B. MOOTNESS

Pursuant to the trial court's order, when Callender noted her appeal, the original exhibits were returned to the case file and the sealing order was lifted.   Thus, the Commonwealth contends the appeal is now moot.   However, the opportunity for appellants to review those exhibits contemporaneously with Callender's convictions (and prior to Stoffa's trial) has passed.   See Richmond Newspapers, Inc. v. Commonwealth, 222 Va. 574, 584, 281 S.E.2d 915, 920 (1981) (“ ‘The knowledge that every criminal trial is subject to contemporaneous review in the forum of public opinion is an effective restraint on possible abuse of judicial power.’ ” (quoting Gannett Co. v. DePasquale, 443 U.S. 368, 380, 99 S.Ct. 2898, 2905–06, 61 L.Ed.2d 608 (1979)) (emphasis added)).   This case, therefore, presents a classic example of an issue “capable of repetition, yet evading review,” a well-established exception to mootness doctrine.   The United States Supreme Court considered a very similar issue in Globe Newspaper Co. v. Superior Court, 457 U.S. 596, 102 S.Ct. 2613, 73 L.Ed.2d 248 (1982):

In this Court, Globe challenges that portion of the trial court's order ․ hold[ing] that [the statute at issue] requires, under all circumstances, the exclusion of the press  and general public during the testimony of a minor victim in a sex-offense trial.   Because the entire order expired with the completion of the rape trial at which the defendant was acquitted, we must consider at the outset whether a live controversy remains.   Under Art. III, § 2, of the Constitution, our jurisdiction extends only to actual cases or controversies.  Nebraska Press Assn. v. Stuart, 427 U.S. 539, 546 [96 S.Ct. 2791, 2796–97, 49 L.Ed.2d 683] (1976).  “The Court has recognized, however, that jurisdiction is not necessarily defeated simply because the order attacked has expired, if the underlying dispute between the parties is one ‘capable of repetition, yet evading review.’ ” Ibid., quoting Southern Pacific Terminal Co. v. ICC, 219 U.S. [498] 515 [31 S.Ct. 279, 282, 55 L.Ed. 310 (1911) ].

․ It can reasonably be assumed that Globe, as the publisher of a newspaper serving the Boston metropolitan area, will someday be subjected to another order relying on [the statute's] mandatory closure rule.   See [DePasquale, 443 U.S. at 377–78, 99 S.Ct. at 2904];  Richmond Newspapers, Inc. v. Virginia, 448 U.S. [555] 563 [100 S.Ct. 2814, 2820, 65 L.Ed.2d 973 (1980) ] (plurality opinion).   And because criminal trials are typically of “short duration,” ibid., such an order will likely “evade review, or at least considered plenary review in this Court.”  [Stuart ], supra, at 547 [96 S.Ct. at 2797].   We therefore conclude that the controversy before us is not moot within the meaning of Art. III․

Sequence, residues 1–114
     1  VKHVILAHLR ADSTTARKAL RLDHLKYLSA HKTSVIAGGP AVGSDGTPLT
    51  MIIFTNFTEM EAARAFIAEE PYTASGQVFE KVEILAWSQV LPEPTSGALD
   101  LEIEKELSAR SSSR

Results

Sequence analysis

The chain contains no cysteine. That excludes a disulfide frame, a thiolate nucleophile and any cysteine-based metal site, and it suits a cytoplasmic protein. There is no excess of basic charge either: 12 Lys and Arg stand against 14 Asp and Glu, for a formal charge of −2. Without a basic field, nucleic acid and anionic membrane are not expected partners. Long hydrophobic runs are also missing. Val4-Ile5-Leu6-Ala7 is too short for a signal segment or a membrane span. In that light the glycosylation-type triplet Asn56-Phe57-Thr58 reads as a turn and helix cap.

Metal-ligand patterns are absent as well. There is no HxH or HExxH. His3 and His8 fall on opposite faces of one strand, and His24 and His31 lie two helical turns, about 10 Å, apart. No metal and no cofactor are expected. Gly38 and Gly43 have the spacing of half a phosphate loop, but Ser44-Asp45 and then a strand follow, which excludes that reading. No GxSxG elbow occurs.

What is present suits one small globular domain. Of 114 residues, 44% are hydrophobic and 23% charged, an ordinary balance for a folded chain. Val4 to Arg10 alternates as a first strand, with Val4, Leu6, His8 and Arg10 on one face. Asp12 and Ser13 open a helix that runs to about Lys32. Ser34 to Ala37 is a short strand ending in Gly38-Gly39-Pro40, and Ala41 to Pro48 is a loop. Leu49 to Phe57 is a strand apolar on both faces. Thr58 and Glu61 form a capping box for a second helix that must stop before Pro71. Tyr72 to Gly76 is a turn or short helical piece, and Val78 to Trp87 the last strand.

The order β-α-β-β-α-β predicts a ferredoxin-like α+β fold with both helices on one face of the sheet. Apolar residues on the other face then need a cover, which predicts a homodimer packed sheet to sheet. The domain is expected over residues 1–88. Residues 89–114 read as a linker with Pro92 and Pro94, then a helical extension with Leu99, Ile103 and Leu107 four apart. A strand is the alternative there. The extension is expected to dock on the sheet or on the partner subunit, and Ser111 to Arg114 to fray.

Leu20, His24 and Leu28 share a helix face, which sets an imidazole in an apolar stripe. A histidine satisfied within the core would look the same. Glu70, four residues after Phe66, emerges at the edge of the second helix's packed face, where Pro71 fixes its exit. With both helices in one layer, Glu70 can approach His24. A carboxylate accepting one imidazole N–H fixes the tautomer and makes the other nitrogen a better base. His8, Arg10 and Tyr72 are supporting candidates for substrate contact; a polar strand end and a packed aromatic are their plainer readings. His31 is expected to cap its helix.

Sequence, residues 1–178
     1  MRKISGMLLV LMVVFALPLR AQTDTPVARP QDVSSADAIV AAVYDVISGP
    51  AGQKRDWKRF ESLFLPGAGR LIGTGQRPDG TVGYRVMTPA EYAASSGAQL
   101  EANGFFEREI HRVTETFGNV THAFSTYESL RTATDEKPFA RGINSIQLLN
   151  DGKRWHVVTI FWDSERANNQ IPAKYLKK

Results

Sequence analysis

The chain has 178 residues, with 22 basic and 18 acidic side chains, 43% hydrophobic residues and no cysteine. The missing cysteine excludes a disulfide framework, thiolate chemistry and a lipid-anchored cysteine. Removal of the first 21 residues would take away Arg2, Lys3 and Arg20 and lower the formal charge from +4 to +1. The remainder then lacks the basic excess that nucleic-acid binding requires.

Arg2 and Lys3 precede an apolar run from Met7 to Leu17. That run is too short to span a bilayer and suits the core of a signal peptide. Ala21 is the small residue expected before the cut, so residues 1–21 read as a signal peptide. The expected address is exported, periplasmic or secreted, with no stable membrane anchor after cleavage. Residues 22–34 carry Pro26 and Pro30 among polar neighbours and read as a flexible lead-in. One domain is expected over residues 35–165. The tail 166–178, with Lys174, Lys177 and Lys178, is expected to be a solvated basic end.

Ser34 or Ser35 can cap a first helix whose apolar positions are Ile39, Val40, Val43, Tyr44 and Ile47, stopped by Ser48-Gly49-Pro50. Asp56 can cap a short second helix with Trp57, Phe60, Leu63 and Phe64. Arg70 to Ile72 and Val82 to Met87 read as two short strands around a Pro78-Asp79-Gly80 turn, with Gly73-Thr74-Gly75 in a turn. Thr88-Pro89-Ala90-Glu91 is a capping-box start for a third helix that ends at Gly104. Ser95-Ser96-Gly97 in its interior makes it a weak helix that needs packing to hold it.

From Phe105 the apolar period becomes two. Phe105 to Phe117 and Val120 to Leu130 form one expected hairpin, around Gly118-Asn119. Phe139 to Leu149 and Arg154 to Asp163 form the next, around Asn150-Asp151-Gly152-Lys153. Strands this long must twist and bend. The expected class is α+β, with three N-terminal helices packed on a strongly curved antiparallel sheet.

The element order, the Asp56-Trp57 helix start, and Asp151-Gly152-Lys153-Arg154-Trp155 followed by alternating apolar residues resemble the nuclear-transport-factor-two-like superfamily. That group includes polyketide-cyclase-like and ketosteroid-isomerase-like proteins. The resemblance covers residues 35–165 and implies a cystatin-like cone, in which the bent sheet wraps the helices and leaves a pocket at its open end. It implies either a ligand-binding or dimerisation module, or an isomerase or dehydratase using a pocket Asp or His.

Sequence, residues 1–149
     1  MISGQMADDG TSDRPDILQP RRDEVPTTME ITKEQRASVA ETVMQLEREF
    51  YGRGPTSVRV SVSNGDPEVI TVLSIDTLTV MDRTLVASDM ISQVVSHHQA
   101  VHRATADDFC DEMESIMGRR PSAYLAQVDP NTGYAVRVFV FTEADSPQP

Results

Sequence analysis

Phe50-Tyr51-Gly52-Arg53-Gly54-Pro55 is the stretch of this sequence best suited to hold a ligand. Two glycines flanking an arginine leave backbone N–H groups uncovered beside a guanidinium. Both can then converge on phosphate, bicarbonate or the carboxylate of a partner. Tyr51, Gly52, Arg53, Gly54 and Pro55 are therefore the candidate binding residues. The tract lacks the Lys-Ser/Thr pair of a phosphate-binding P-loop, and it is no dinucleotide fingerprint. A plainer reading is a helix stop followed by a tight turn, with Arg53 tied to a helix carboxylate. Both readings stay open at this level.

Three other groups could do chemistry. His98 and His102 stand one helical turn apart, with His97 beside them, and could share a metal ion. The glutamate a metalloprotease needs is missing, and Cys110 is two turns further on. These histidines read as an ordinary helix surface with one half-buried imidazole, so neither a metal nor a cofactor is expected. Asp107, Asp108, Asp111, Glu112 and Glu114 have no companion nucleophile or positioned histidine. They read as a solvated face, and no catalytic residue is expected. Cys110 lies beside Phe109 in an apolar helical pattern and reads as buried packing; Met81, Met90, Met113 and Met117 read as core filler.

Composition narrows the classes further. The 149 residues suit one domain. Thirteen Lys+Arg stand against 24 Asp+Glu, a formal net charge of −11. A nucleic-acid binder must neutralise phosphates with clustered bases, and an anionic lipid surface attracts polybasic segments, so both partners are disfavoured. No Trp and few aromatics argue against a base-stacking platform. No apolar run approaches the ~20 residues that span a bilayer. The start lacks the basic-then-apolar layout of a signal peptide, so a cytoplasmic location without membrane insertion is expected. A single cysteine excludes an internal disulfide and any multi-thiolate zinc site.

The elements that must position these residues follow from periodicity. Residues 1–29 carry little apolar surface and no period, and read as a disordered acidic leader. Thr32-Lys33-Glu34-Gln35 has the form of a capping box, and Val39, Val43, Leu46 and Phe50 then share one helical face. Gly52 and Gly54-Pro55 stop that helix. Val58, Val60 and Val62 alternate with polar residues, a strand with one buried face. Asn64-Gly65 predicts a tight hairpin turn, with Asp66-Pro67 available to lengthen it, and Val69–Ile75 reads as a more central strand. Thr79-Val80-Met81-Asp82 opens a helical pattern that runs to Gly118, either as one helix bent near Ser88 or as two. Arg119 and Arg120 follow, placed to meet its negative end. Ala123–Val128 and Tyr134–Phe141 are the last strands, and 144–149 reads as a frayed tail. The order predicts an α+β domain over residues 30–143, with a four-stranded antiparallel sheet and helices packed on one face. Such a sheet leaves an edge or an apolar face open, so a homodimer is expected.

Id. at 602–03, 102 S.Ct. 2613 quoted with approval in Dep't of Tax. v. Delta Air Lines, 257 Va. 419, 427–28, 513 S.E.2d 130, 134 (1999);  see Press–Enter. Co. v. Super. Ct., 478 U.S. 1, 6, 106 S.Ct. 2735, 2739, 92 L.Ed.2d 1 (1986) [hereinafter Press–Enter. II ] (holding refusal to release preliminary hearing transcript not mooted when court released transcript after defendant waived jury trial right);  DePasquale, 443 U.S. at 377–78, 99 S.Ct. at 2904 (suppression hearing transcript).

Although the exhibit-sealing issue in the instant case does not involve a mandatory provision like in Globe Newspaper Co., the trial judge here, noting he was “the Chief Judge for  this circuit,” stated, “This Court is familiar with many cases in which the Commonwealth has [moved] to withdraw original exhibits until all defendants have been prosecuted, and the Court has frequently granted that motion․” “[T]he Court has often administratively allowed [much of the evidence admitted in the trial of a defendant], upon proper documentation, to be withdrawn” until subsequent prosecutions of related defendants were completed.   The trial judge also referred to “secur[ing] the withdrawal of any exhibits by the means customarily used.”  (Emphasis added).   These statements readily support the conclusion that the issue here is reasonably likely to recur and to evade review in this Court.   Compare Salvatierra v. City of Falls Church, 35 Va.App. 453, 456–57, 546 S.E.2d 214, 215 (2001) (applying doctrine to permit review where “appellant's commitment to [the Department of Juvenile Justice] was too short to ․ appeal” but “[b]ecause appellant is on parole ․, he is subject to re-commitment based upon a new offense”), and Commonwealth ex rel. State Water Ctrl. Bd. v. Appalachian Power Co., 12 Va.App. 73, 76, 402 S.E.2d 703, 705 (1991) (en banc) (applying doctrine where appellee agency attempted to moot challenge to validity of permanent regulations by enacting emergency regulations), with Va. Dep't of State Police v. Elliott, 48 Va.App. 551, 553–55, 633 S.E.2d 203, 204–05 (2006) (refusing to apply doctrine where the party whose voluntary actions caused the mootness was the party seeking review).